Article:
The reverse of the flask has an embossed compass and a square enclosing a backward error “G.” The square has lines to indicate the inch and half inch measurements. The overlapping square and compass is the single most identifiable symbol of Freemasonry. Both the square and compasses are architect’s tools and are used in Masonic ritual as emblems to teach symbolic lessons. The letter “G” in the center has multiple meanings, representing different words depending on the context in which it is discussed. The most common is that the “G” stands for God or Great Architect of the Universe – a non-denominational reference to God. Another is that it stands for geometry, and is to remind Masons that geometry and Freemasonry are synonymous terms described as being the “noblest of sciences”, and “the basis upon which the superstructure of Freemasonry and everything in existence in the entire universe is erected.” Three horizontal ribs surround the bottom of the flask and four horizontal ribs surround the flask below the neck.

The half-pint flask has a plain lip and pontil mark. The flask edges are corrugated horizontally with the corrugations extending around the flask at the base and at the juncture of the body.

Known colors are light amber, clear amber, golden amber, olive amber, and clear light olive-green. All are considered extremely rare. Our olive green museum example is exceptional in its glass color.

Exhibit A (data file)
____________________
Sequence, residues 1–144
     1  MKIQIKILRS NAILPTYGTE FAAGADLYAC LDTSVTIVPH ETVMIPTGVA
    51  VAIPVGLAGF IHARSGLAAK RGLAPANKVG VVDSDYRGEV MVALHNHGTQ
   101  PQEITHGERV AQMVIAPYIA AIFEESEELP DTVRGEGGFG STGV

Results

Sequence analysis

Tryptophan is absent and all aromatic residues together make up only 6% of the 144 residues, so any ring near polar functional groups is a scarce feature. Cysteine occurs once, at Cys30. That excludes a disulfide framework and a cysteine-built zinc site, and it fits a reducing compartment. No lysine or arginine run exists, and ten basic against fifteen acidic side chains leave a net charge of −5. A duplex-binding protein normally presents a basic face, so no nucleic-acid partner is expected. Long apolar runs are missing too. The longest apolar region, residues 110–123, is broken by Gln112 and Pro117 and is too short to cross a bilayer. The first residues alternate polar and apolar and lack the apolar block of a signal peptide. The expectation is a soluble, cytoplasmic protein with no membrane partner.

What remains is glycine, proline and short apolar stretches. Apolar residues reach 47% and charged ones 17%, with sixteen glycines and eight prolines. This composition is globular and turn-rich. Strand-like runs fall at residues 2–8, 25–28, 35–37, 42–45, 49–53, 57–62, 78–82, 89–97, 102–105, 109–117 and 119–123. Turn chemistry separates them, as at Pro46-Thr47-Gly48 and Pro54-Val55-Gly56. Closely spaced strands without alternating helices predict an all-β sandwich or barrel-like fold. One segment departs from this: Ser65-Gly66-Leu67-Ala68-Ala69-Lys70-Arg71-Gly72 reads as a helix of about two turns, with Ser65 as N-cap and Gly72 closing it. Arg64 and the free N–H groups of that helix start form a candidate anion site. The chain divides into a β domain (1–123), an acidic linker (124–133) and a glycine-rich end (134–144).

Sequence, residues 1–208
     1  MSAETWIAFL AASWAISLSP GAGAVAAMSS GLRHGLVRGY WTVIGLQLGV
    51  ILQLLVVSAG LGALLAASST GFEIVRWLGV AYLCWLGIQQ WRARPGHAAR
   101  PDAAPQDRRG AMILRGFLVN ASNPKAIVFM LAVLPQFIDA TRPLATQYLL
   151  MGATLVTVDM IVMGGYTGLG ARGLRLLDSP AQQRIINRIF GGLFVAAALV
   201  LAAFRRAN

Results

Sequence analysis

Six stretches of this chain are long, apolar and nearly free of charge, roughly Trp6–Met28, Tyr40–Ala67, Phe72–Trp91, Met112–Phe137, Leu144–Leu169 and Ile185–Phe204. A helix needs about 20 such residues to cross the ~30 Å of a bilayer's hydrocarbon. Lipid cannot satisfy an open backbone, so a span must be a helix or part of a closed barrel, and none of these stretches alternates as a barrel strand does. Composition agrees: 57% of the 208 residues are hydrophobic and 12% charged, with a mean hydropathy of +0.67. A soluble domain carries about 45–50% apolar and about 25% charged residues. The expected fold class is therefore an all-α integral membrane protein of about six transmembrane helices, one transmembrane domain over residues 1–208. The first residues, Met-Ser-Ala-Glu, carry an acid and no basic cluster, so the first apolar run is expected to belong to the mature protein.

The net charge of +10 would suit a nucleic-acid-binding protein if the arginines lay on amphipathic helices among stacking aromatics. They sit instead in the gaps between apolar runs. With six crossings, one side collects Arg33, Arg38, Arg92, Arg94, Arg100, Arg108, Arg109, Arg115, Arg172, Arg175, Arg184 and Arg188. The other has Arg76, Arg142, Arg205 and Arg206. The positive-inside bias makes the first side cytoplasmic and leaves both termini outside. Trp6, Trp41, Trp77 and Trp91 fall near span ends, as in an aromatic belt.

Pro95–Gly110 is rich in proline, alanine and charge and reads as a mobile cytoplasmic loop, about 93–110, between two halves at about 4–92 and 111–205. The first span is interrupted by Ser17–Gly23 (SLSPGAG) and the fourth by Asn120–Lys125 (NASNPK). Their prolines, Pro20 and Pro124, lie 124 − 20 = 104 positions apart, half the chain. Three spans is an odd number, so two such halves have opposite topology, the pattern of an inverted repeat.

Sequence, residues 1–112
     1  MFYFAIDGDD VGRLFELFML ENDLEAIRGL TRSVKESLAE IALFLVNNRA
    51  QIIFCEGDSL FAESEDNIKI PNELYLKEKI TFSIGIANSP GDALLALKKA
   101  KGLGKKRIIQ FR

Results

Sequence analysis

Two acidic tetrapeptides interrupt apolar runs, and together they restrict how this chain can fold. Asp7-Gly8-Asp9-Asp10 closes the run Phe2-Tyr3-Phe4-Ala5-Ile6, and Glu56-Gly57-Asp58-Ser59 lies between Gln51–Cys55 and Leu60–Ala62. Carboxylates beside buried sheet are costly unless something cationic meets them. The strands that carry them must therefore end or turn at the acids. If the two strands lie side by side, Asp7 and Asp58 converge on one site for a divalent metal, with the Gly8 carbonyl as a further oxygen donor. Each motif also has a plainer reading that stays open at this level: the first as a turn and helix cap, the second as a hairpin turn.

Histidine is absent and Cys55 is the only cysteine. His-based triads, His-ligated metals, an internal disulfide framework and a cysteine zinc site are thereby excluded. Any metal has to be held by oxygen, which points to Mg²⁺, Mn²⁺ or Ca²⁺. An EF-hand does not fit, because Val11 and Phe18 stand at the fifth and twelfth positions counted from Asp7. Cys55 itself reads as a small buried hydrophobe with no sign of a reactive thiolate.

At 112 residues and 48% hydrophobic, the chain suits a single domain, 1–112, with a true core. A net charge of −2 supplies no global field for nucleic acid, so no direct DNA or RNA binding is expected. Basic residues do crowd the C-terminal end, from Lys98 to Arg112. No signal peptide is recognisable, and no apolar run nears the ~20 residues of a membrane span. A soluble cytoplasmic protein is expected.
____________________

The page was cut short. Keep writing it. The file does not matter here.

Primary Image: The GIV-30 Crossed Keys and Star – Masonic Emblems flask imaged on location by the FOHBC Virtual Museum midwest studio led by Alan DeMaison.

Support: Reference to American Bottles and Flasks and Their Ancestry by Helen McKearin and Kenneth M. Wilson, Crown Publishers Inc., New York, 1978.

Support Image: Auction Lot 41: Crossed Keys Masonic Historical Flask, probably Coventry Glass Works, Coventry, Connecticut, 1815-1830. Olive yellow, sheared mouth – pontil scar, half pint; (¾ inch horizontal manufacturer’s hairline fissure between the two uppermost star points). GIV-30. One of the great Coventry bottles. Extremely rare, beautiful color, strong embossing. Ex Sam Laidacker, ex Edmund and Jayne Blaske collection #574, Warren “Bud” Lane collection. – Norman C. Heckler & Company, Auction #100.

Support Image: Auction Lot 64: Crossed Keys And Star – Masonic Emblem Historical Flask, probably Coventry Glass Works, Coventry, Connecticut, 1820-1830. Light to medium olive-yellow, sheared mouth – pontil scar, half pint; (some light exterior wear on the compass and square). GIV-30 Extremely rare. Fine condition. Ex Paul Richards collection #173, Dr. Gary and Arlette Johnson collection. – Norman C. Heckler & Company, Auction #133. Pictured above in window.

Support Image: Auction Lot 1: Crossed Keys And Star – Masonic Emblem Historical Flask, probably Coventry Glass Works, Coventry, Connecticut, 1815-1830. Medium yellow olive, sheared mouth – pontil scar, half pint; (just a hint of exterior high point wear). GIV-30, H #2865 and H color plate VII This iconic flask is extremely rare with five or six examples known. Fine condition. Ex Charles B. Gardner collection. A post-auction addendum published following the Charles B. Gardner auction notes a minor flaw in this flask. Updated condition report: Fine condition with an internal iridescent manufacturing blemish 1/32 x 3/32” on upper neck under the mouth. The blemish can be viewed, in the photograph, directly above Charles Gardner’s neck label “160”. – Norman C. Heckler & Company, Auction #187.